To confirm your likely observation, our blog series topic this fall is The Banner That Unites Us. That banner is the Kingdom of Heaven. This week I want to comment on being Kingdom Ambassadors. We may not realize it, but our spiritual influence is probably more subtle and also more impactful than we think. I […]
Last week’s blog topic was understanding What is the Kingdom of Heaven? Today I want to talk about one of the most critical topics related to the Kingdom. Unity in the Kingdom. As a reminder here’s what we learned from Jesus’ words about the Kingdom as recounted by Matthew and a couple of other Gospel […]
Having grown up in northern Illinois, I have a permanent memory of certain highway route numbers and the roads they pertain to: Rt. 68, Dundee Road; Rt. 83, Elmhurst Road; Rt. 21 Milwaukee Road; Rt. 45, River Road, and so on. Wisconsin apparently has a different system, which is based largely on letters rather than […]
Right now I think it’s easy to wonder, Is God paying attention? What’s on his mind? The words, music and facial expressions in this powerful collaboration by dozens of churches in the UK provide and answer: He is for you. It’s the same message wherever we live. I encourage you to take a few minutes […]
Post from the Past: 9 years ago I wrote a post entitled Hope for 2011. As Beryl and I entered a new year once again I realized that the core message of this post still fits. On one level, I’m surprised that my hopes for 2020 remain much the same as 2011. But on a […]
We are entering the Season of Light, the Light Festival, the Christmas season when so much of the world decorates trees, wreathes, streetlamps, and even homes, with spectacular displays of light. Even those parts of the world that may not traditionally be Christian do so. There is an evident way in which the world loves […]
In my previous post, Random Male Violence, Part I I began to unravel the mystery of why the random violence we regularly encounter happens in the U.S. on a level unlike any other country. Our soul searching requires that we recognize that we are developing wounded males. But all countries have wounded males.
There’s another inescapable reason random mass slaughter happens within American borders so much more than anywhere else— the ease with which anyone, regardless of capabilities, mental health or training can get their hands on assault rifles—weapons of mass destruction. The solution to this issue has proven exceptionally difficult to find, but I don’t think there is any question that this is a central part of the problem.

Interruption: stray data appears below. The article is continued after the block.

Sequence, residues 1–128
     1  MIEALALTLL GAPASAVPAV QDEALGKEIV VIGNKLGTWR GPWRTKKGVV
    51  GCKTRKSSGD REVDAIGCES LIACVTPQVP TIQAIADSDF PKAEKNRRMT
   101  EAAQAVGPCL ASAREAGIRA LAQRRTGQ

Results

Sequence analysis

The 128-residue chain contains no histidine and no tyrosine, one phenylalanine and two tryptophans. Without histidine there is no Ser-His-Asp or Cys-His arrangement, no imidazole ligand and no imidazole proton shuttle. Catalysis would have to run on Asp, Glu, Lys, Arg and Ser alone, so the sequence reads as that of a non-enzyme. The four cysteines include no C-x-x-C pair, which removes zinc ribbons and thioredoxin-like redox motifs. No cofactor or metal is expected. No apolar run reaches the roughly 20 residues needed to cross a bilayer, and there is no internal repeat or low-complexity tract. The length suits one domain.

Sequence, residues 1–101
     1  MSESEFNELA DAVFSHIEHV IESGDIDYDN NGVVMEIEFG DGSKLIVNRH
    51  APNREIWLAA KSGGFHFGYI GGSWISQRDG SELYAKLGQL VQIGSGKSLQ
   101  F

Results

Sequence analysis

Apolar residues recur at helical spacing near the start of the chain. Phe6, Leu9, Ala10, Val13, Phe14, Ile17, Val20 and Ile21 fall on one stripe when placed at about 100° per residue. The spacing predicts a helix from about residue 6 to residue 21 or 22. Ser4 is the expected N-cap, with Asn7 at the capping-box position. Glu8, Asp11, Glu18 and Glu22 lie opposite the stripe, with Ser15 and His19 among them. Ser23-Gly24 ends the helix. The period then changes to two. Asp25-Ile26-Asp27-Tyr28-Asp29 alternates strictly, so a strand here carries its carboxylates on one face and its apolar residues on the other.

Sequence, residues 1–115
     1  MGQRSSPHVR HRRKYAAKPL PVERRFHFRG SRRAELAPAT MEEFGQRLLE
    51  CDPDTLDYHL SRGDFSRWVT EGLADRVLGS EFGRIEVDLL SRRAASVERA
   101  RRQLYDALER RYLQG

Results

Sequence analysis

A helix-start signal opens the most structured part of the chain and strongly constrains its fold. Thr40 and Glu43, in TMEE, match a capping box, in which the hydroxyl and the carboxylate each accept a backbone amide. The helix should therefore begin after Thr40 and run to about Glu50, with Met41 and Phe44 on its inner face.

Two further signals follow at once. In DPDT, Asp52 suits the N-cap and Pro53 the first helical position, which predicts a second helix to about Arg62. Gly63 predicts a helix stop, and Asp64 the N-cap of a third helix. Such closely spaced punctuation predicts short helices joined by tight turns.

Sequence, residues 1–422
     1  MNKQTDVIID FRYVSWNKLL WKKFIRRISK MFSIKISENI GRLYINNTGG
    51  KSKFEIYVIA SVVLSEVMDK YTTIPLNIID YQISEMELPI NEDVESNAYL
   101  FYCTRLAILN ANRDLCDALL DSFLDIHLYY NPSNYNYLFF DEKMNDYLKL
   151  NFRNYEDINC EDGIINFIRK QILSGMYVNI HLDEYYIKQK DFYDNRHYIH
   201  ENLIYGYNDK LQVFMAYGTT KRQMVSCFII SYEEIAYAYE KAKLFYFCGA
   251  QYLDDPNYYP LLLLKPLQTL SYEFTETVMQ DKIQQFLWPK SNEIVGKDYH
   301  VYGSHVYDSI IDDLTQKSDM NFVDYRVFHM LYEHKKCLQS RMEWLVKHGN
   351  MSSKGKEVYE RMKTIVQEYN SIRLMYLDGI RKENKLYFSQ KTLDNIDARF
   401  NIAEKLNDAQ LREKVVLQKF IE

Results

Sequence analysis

Once again we wrestle with piercing feelings of grief, bewilderment and anger. Yet again a young American male has unleashed his wrath against a vulnerable group of students. Our hearts ache, our heads shake and our minds reel. How can this keep happening? What can we do to make sure this never happens again?
We’re familiar with the spectrum of suggested causes as well as solutions—it’s a mental health issue, it’s a gun access issue, it’s a cultural issue. It’s all of those to some degree, but in my option it’s a horrific case of American Exceptionalism.
I love my country, but I really dislike the way that term is typically used. It implies that American culture is first and best, as if we’re all in a global competition for a mythical cultural gold medal. Having traveled to more than 60 countries over the years I’ve experienced qualities in every one of them that are admirable as well as unfortunate. Mine included.
We see the news updates on our phones and can hardly believe what we are seeing. We turn on the TV and shake our heads, wordlessly, stunned at the carnage we once again witness in our broken world.
A morally lost 64 year-old man has killed more 50 and wounded more than 500 attenders of an outdoor concert in Las Vegas. He’d probably never met any of them. The audio of machine gun fire, along with the video of thousands running, crouching, weeping, is almost more than our hearts and minds can handle…
“What was the highlight of 2016 for you?” our Christmas party host asked around the dinner table. Beryl and I had the same responses, “First, the birth of 5th granddaughter, Gemma. Very close after that…the Cubs winning the World Series!!”
“Really?” some asked. “A sports event was a highlight?” Clearly, they were not aware of the cosmic significance of the event. At least not of its impact on the Glass clan. Why did this rank as a highlight of the year? Because it was of far more significance than just another sports event. For these three reasons: